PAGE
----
A bearish candlestick formation consisting of 2 candlesticks. A bullish candle followed by a bearish candle that ENGULFS the previous candle bringing price further down, which indicates there are more sellers than buyers in the market.
A sharp movement above or below the support or resistance area. When validated it indicates a strong and fast move in the direction price broke through. Breakouts are great to spot when using the rectangle tool to box in price while it is consolidating.
A bullish Japanese candlestick formation consisting of 2 candles. A smaller bearish candle followed by a bullish candle that ENGULFS the previous candle bringing price higher up. This formation indicates there are more buyers than sellers in the market.
A bearish reversal formation consisting of 3 candlesticks. The first candle will be bullish, followed by an indecision candle and ending with a bearish candle. This is found at the top of an uptrend. With other bearish confirmations, traders will look to place short positions.
Closing a certain amount of your active trade to secure some profit or minimize the loss without having to exit out the trade completely.
When price retraces in the opposite direction of the overall trend. It’s a quick pause in the overall trend before eventually continuing in the original trend.
To sell or have sold a currency pair.
A tool used to follow the direction of the market by linking the lower highs in a downtrend and higher lows in an uptrend.
BeginnerEarly Stages for Beginners8 Topics
Forex Terminology11 Topics
- Major and Minor Currency Pairs
- Basic Forex Terminology
- Pips & Ticks
- The Broker & The Spread
- What is a Lot?
- Stop Loss & Take Profit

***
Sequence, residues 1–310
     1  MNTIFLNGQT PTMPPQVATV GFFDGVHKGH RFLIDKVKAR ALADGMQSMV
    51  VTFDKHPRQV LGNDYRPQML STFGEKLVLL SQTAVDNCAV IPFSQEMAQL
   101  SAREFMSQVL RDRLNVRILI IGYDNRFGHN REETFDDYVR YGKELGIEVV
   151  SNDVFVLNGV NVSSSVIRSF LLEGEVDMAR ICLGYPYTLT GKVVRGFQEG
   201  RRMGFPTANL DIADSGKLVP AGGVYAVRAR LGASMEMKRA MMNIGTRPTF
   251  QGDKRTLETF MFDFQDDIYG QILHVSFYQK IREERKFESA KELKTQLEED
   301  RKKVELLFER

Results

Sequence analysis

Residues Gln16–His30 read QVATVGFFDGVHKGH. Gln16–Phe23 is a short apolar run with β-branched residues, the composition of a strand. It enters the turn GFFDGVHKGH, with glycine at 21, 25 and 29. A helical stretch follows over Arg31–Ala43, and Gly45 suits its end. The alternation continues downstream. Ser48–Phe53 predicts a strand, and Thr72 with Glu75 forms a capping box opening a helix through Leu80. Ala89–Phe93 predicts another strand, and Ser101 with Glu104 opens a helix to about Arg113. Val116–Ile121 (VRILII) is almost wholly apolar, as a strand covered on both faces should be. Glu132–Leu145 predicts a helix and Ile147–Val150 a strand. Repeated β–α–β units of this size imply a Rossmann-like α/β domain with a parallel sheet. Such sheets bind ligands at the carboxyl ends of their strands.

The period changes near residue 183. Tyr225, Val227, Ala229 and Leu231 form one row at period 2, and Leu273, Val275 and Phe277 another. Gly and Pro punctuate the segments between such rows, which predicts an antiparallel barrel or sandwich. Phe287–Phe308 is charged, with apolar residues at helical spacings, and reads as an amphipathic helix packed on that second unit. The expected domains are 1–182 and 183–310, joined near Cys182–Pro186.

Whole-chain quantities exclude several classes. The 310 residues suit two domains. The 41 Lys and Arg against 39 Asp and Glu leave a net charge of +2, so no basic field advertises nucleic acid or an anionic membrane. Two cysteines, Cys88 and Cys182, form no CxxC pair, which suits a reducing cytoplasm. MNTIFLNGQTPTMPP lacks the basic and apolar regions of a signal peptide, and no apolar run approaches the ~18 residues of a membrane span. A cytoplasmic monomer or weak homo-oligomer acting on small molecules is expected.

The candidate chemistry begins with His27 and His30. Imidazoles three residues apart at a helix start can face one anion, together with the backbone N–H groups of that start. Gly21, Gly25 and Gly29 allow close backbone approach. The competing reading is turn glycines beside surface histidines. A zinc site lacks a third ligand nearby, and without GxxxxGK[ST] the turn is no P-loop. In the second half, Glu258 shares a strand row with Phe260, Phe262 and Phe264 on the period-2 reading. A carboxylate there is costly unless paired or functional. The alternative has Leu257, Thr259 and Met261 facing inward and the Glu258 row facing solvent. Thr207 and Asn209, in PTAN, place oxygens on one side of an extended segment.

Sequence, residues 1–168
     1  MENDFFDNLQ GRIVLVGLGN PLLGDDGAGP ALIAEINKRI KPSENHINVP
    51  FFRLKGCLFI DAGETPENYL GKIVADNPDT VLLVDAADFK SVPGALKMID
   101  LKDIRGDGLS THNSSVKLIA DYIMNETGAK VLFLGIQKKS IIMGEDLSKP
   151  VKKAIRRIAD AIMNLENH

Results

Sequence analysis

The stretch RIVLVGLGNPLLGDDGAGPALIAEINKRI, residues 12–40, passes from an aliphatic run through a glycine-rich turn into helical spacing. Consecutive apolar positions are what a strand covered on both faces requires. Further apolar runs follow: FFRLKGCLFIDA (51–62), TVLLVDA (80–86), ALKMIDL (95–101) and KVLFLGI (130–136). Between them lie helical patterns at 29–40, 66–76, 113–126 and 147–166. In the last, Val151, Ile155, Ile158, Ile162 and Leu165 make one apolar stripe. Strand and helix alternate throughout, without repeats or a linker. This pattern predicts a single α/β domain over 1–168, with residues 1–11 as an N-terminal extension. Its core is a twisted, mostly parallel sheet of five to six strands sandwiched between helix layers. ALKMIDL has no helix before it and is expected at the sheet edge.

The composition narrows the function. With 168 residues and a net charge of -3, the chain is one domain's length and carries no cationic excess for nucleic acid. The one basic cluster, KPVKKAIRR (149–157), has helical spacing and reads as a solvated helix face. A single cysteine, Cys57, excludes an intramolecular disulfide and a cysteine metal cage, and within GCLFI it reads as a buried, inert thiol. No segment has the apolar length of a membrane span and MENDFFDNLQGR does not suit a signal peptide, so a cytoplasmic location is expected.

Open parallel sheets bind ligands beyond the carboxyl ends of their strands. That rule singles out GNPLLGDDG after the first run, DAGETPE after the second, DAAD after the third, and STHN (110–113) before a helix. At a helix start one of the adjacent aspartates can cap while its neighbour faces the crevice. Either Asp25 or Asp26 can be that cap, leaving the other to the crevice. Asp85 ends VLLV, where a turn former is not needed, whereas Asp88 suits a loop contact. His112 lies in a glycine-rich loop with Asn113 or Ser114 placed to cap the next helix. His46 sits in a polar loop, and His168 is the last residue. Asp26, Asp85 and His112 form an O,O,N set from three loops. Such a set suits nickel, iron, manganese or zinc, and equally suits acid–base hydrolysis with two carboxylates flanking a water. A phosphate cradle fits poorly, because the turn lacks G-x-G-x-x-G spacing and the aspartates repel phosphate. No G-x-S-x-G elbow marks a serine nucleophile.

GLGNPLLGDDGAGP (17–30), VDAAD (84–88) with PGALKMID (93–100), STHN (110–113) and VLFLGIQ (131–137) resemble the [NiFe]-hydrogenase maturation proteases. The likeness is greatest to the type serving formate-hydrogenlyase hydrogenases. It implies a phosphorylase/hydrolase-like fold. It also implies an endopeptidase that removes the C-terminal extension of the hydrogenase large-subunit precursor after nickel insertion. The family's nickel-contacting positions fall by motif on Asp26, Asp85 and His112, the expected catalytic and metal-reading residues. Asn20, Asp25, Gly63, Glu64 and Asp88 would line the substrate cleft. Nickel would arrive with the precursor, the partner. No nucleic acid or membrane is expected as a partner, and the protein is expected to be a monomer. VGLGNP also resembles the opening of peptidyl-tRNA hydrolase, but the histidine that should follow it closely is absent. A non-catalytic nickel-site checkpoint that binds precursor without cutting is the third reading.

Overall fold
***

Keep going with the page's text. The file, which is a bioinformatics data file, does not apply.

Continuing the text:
- Margin & Leverage
- Retracement & Reversal
- When Can I Trade Forex? Sessions - Market Open and Close
- 3 Types of Analysis (Technical, Fundamental, Sentiment)
- 3 Ways a Market Can Go (Up, Down, Sideways)
Margin & Leverage2 Topics
Personal Psychology Questions2 Topics
Psychology for Beginners7 Topics
IntermediateIdentifying Scams2 Topics
Brokers for Beginners5 Topics
Technical Analysis13 Topics
- Types of Charts
- Understanding Japanese Candlesticks
- Candlestick Patterns For Beginners
- Single, Double & Triple Candlestick Patterns
- Support and Resistance
- Confluences w/ Candlesticks & Support & Resistance
- Counter Trend Trading/ Counter Trend Lines
- Moving Average
- Top-Down Analysis
- Consolidation Trading (Breakout, Retest, Continuation)
Market Structure5 Topics
CompletionRisk Management for Beginners8 Topics
Fundamental Analysis9 Topics
AdvancedUsing Indicators6 Topics
Technical Analysis (Part 2)8 Topics
Counter Trend Trading / Counter Trend Lines
Many traders use Counter Trendlines as a way to enter the market, which is called: Counter Trend Trading. Whenever you see a trendline, make sure you look within it, as it could help your ability to find better entries by trading the break of the counter trendline.
If the overall direction of a trend is bullish (up), you’ll be able to spot the smaller trend going down; that smaller trend is also called a pullback or retracement. This form of trading is best used to find entries when price is ready to continue in the direction of the overall trend.
You can use trendlines to follow the direction of the overall trend and use a counter trend line to follow the retracement. You are looking for a break and retest of that counter trendline to find your entry.
Common risks traders make is going against the trend and trading the counter trend. There is no guarantee when price is done retracing or if it is even ready to retrace. Trying to call it too early can lead to unnecessary losses. This requires discipline and patience. Allow price to break the counter-trend and complete its retracement before looking for entries.
In the illustration below, you can see the overall long-term trend is a DOWNTREND. Once you start scaling down to a lower time frame, you’re able to place counter trendlines and await the breakout for entries.